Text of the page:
The Pentagon plans to release a monthslong study Tuesday, Nov. 30 on how lifting the gay service ban would affect the armed forces.

The Justice Department did not immediately say why it did not seek a stay of Leighton’s ruling. The Air Force Reserve at Joint Base Lewis-McChord south of Seattle, where Witt was based, did not immediately return a message seeking comment.

“It’s indicative of the effort the White House is making to thread the needle on ‘don’t ask, don’t tell,”’ said Chris Neff, deputy executive director of the Palm Center, a pro-repeal think tank based at the University of California, Santa Barbara. “They’re holding the line that they need to continue to appeal these, but they are taking an extra measure to address this policy and try to make it moot. This is the first White House that has really made an effort to keep gays in the military.”

Despite being excited to rejoin the Air Force, Witt said she was disappointed the government was appealing at all.

Justice Department spokeswoman Tracy Schmaler said the department was simply defending the law, as it historically does when acts of Congress are challenged. White House Press Secretary Robert Gibbs insisted that the appeal shows why it’s important for the Senate to repeal the “misguided policy” quickly — before a new Congress takes over, with a slimmer Democratic majority in the Senate.

“This filing in no way diminishes the president’s — and his administration’s — firm commitment to achieving a legislative repeal of DADT this year,” Gibbs said in an e-mailed statement.

“Don’t ask” prohibits the military from asking about the sexual orientation of service members, but allows the discharge of those who acknowledge being gay or are discovered to be engaging in homosexual activity.

—  John Wright

Former colleagues testify for lesbian flight nurse discharged from Air Force under DADT

GENE JOHNSON | Associated Press

TACOMA, Washington — A lesbian flight nurse discharged from the Air Force under the government’s “don’t ask, don’t tell” policy for gays in the military was an excellent officer whose sexuality never caused a problem in her unit, former colleagues told a federal judge Monday, Sept. 13.

Former Maj. Margaret Witt is seeking reinstatement to the Air Force Reserve in a closely watched case that “don’t ask, don’t tell” critics hope will lead to a second major legal victory this month. The trial began just days after a federal judge in California declared the policy unconstitutional.

Witt was suspended in 2004 and honorably discharged after the Air Force received a complaint from a civilian about her sexuality.

The first witness in her case, retired Master Sgt. James Schaffer, testified that Witt was exceedingly competent and said her dismissal was so unfair, it was part of the reason he retired in 2007.

“It was a rather dishonorable act on the part of the Air Force,” Schaffer said. “It should not be about what you are, but who you are.”

Witt’s case has already led to one crucial ruling — a 2008 holding by a 9th U.S. Circuit Court of Appeals panel that the military cannot discharge people under “don’t ask, don’t tell” unless it shows that the firing is necessary to further military goals such as unit cohesion. The case has returned to federal court in Tacoma for U.S. District Judge Ronald B. Leighton to determine whether Witt’s dismissal met that standard.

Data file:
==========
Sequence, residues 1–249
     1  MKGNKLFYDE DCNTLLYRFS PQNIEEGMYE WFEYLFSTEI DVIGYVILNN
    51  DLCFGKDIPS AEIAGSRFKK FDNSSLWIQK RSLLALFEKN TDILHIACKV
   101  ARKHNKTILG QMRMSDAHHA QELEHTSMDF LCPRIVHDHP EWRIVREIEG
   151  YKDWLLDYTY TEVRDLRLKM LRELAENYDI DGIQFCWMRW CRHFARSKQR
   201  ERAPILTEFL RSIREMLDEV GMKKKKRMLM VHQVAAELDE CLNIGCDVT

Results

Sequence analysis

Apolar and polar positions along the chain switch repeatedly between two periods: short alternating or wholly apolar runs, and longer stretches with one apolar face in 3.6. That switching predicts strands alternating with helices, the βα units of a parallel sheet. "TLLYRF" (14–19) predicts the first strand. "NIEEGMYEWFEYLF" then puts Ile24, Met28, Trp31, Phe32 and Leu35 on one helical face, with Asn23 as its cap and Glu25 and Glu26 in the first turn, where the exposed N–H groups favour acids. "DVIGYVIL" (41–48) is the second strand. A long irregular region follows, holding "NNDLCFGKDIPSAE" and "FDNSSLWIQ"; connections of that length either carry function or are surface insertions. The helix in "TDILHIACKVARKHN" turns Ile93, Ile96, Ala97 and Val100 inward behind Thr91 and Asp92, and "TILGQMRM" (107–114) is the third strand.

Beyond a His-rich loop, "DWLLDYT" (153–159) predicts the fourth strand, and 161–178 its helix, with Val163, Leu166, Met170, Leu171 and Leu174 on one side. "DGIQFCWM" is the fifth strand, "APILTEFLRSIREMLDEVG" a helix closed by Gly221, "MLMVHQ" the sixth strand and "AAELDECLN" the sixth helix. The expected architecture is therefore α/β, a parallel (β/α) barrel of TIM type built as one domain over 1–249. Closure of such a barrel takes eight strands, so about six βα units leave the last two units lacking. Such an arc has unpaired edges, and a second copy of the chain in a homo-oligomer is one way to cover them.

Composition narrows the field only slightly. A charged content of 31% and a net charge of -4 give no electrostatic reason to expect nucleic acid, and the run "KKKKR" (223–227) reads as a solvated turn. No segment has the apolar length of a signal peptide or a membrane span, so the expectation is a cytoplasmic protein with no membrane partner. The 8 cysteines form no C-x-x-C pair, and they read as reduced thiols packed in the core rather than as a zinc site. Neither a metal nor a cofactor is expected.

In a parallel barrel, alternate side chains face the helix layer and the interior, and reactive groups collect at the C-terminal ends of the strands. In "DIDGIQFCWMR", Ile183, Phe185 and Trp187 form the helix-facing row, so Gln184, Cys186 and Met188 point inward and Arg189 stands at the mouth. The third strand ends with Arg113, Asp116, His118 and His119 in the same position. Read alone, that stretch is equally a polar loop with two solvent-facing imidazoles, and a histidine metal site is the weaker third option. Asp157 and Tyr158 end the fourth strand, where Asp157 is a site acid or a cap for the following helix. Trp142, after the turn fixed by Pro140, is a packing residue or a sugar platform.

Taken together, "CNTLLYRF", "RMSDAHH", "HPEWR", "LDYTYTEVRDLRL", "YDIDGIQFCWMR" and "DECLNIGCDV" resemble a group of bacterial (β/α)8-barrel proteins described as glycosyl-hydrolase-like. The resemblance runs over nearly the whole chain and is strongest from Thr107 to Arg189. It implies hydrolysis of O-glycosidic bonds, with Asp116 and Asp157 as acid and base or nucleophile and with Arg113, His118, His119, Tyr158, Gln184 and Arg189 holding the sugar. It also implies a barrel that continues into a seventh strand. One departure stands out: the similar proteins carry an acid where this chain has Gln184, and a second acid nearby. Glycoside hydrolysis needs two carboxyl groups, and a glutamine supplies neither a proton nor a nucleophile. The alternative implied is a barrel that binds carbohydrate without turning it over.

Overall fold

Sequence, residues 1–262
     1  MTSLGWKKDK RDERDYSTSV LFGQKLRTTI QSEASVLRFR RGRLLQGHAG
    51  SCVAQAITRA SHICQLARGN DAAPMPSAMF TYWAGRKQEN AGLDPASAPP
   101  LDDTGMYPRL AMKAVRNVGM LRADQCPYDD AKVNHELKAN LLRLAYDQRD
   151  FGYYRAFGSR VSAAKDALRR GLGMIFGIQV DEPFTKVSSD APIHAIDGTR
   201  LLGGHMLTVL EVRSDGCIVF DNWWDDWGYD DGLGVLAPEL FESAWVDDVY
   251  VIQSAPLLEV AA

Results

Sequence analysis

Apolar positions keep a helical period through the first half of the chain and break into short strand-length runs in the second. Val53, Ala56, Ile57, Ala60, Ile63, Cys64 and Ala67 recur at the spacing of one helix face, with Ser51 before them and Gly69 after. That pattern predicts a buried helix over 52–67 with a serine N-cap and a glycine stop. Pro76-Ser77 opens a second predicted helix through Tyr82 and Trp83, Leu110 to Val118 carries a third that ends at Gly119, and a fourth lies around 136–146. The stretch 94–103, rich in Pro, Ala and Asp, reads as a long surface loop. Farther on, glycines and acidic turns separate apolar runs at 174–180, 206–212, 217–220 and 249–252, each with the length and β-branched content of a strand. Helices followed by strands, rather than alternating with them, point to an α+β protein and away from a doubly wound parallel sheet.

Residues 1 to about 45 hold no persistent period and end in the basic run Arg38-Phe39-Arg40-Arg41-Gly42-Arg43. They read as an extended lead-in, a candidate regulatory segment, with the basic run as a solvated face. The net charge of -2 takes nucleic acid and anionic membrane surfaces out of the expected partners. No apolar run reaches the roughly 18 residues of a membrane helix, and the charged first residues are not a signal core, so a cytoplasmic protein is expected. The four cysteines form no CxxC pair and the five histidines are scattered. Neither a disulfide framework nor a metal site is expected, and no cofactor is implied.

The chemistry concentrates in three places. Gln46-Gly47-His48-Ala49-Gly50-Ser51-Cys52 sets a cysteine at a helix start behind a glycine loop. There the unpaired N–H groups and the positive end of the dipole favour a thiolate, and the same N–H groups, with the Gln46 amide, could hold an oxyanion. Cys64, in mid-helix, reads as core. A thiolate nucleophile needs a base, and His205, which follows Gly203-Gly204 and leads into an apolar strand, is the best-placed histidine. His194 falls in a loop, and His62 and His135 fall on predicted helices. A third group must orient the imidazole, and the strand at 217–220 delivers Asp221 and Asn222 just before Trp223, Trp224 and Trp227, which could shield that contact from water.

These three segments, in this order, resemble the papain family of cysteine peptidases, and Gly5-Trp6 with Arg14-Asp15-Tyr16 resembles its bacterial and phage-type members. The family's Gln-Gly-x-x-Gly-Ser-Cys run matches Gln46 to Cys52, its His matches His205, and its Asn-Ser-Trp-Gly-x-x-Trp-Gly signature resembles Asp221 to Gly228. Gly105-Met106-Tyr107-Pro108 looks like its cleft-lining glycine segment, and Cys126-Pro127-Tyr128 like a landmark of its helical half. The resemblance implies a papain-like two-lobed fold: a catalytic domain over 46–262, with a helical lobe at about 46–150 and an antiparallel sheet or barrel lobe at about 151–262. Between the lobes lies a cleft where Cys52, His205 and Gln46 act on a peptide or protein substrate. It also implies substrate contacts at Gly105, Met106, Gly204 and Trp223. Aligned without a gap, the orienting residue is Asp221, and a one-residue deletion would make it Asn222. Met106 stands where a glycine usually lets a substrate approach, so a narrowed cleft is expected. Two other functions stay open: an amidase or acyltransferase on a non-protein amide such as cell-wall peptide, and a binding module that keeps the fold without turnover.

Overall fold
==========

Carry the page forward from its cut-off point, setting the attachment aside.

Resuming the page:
The 1993 law prohibits the military from asking about the sexual orientation of service members, but allows the discharge of those who acknowledge being gay or are discovered to be engaging in homosexual activity. Last week, U.S. District Judge Virginia Phillips in Los Angeles determined the policy was an unconstitutional violation of the due process and free speech rights of gays and lesbians.

While Phillips’ ruling has no effect on the legal issues in Witt’s case, gay rights activists believe a victory — and Witt’s reinstatement — could help build momentum for repealing the policy. The Senate could soon take up a House-approved defense bill that includes a repeal.

Witt sat in the courtroom Monday amid her supporters, including Lt. Col. Victor Fehrenbach, a fighter pilot from Idaho who is fighting his own discharge by the U.S. Air Force.

Peter Phipps, a Justice Department lawyer representing the Air Force, insisted during his opening statement that Witt’s conduct necessitated her firing. That included a long-term relationship with a civilian woman, an affair with a married woman and two earlier relationships with fellow servicewomen, Witt acknowledged in a May deposition.

A 2004 e-mail from the married woman’s husband to the Air Force chief of staff, Gen. John Jumper, prompted the investigation into Witt’s sexuality. Witt remains in a relationship with that woman, whose husband divorced her.

“By committing adultery, she compromised her integrity and her ability to lead,” Phipps said. “Plaintiff set an example of a disregard for Air Force policies.”

Witt’s discharge therefore eliminated a risk to unit cohesion and morale, he added. He said the support she has received from colleagues is irrelevant; the law’s constitutionality doesn’t depend on the views of her friends.

Furthermore, the military cannot handle discipline by referendum, because that would lead to uneven application of the law, Phipps said.

Witt acknowledged in her deposition the extramarital affair was not consistent with good “officership.” She also said she told two members of her unit about her orientation — forcing them to choose between loyalty to Witt and Air Force policy, the Air Force argues.

Former colleagues who testified Monday disagreed that Witt’s firing accomplished anything — especially because it came during a shortage of flight nurses.

“We were at war at the time,” said Lt. Col. Vincent Oda. “It was the loss of an able flight nurse is what that was.”